Linear editing was so hard. I had to map out on paper what I wanted to do and roughly how long it would take in order to fill the music.
I used to make edits on a tape first, write down the order of clips and running length in time code on paper and then cut the master to that once the music was in place.
I wish I could find one of those sheets cuz they looked a lot like non-linear timelines look today, roughly.
Where did the choices of UMC’s for Tim, and Black Sabbath for Henry come from?
Tim and Henry both wanted to use those tracks. It was what they were into at the time.
Henry’s part was prepared in a certain order that he wanted the tricks seen. Tim just let me do it my way.
But, when we laid down the Sabbath song, dropped the clips to it and then watched it I noticed how well the tricks fit to the music’s changes.
I just fine tuned it here & there a little bit. But, it was freaky to see how it fit the music by running straight off Henry’s list
and letting it play in the rough edit. It was meant to be that way, to that song.
The single trick sections and line sections all going with the changes in the song just came out like that, pure happenstance. So sick.
Do you remember stories from back then that nobody knew from that video?
One time at these banks in San Diego I got stuck on a rock while filming Henry. I ate shit so hard the lens on that broken camera flew off.
I was so pissed I yelled and tried to jump kick the warehouse door next to the banks. I remember I wanted to smash that door in cuz I was so mad.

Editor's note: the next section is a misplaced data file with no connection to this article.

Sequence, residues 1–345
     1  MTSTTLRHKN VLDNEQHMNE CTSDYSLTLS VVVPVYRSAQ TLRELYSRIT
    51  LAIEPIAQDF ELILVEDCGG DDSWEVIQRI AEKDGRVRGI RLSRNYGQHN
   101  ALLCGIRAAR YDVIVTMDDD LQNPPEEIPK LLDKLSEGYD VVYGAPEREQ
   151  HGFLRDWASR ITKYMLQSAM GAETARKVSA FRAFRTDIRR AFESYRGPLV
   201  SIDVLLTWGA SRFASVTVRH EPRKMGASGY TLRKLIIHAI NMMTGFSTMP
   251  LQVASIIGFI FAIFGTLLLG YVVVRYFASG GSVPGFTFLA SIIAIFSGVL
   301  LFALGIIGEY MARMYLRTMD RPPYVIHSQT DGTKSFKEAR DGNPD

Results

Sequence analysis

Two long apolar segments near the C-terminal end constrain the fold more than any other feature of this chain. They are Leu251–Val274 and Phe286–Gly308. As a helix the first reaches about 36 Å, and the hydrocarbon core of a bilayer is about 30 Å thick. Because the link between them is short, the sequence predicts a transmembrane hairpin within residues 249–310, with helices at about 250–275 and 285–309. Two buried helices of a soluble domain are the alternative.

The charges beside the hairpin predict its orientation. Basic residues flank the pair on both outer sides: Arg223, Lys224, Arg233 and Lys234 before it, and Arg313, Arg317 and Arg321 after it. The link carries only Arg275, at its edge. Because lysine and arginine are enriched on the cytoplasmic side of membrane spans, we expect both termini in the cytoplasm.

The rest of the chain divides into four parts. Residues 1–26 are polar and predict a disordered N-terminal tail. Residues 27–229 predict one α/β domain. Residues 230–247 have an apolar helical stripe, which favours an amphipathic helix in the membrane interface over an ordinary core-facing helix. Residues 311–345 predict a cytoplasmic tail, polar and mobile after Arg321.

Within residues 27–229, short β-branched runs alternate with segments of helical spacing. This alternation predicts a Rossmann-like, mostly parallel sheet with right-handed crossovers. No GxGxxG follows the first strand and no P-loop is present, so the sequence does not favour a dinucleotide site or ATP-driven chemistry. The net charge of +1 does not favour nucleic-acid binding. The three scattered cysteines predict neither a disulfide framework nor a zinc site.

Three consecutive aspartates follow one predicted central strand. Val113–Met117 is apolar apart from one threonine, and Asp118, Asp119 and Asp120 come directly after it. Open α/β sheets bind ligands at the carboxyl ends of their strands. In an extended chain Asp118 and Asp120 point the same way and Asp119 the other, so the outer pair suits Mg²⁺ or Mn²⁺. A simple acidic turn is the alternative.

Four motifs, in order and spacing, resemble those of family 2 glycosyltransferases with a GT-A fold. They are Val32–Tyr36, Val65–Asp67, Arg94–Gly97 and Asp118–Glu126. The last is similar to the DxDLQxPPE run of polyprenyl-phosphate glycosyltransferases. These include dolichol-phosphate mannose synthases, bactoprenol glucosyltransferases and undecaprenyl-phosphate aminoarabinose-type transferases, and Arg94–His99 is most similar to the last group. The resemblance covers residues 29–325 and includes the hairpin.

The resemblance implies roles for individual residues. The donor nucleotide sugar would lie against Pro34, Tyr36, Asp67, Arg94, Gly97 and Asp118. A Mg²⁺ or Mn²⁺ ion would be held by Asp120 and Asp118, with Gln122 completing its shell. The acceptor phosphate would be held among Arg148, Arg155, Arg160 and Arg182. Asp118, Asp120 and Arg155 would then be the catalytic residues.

But instead I just barely hit it. It was funny to see it on video. The guys wanted to keep it all in there. I was so embarrassed by it I didn’t want it to go in.
But, then I thought if someone else was filming and that happened I would think it was funny and I would put it in there. So I just let it go in.
We used to hang out at the World skatepark a lot back then. They had triple stack bunk beds in one of the bigger offices of the warehouse.
Riders used to watch porn and shit. Sometimes girls would come hang out and party with them.
This one local dude was like a pimp and would bring girls he knew to the park. Then later he’d ask for product.
No one even saw it like that. We just thought it was cool that he brought them. So they would hook him up. Now thinking back on it it was pretty sketchy.
Then a rumor started about one of the chicks having HIV. Everyone was alarmed and stopped bringing unknown chicks to the park.
I heard one girl even tossed a skater’s salad after he skated for hours in the warehouse. So nasty.
Brian Lotti had this VolksWagen wagon. They used to call it “Mom’s Taxi”. Brian used to get bummed on that.
I heard someone banged a chick in there while it was parked outside the warehouse.
We had a closet full of product that Rodney would put in there for the guys. And they broke into it and took all the product.
They broke into the World headquarters in Torrance and wrote graffiti all over the hallways. The riders were just up to trouble all the time, setting shit on fire in the warehouse
and writing graffiti everywhere. They were just doing what skaters did, destroy, not a big deal I guess.
Sometimes after skating we’d hang out and listen to Sal Rocco tell the craziest stories where quotes like “When I pulled out corn on the cock” came out.
He always had funny and scary drug dealer stories and stories of random sluts. That dude was so nuts but so cool to hang around.
Those days were so fun. It’s funny to think how it was all just a year and a half of our lives. Yet so much went down.
This interview has been made in 2009, and only published in 2017 in Love Skate mag printed issue #1, If you wanna know more about Socrates Leal and the World Industries era,
Chromeball Incident did a great interview here.
Interview by Babas Levrai / Scans by Chromeball Incident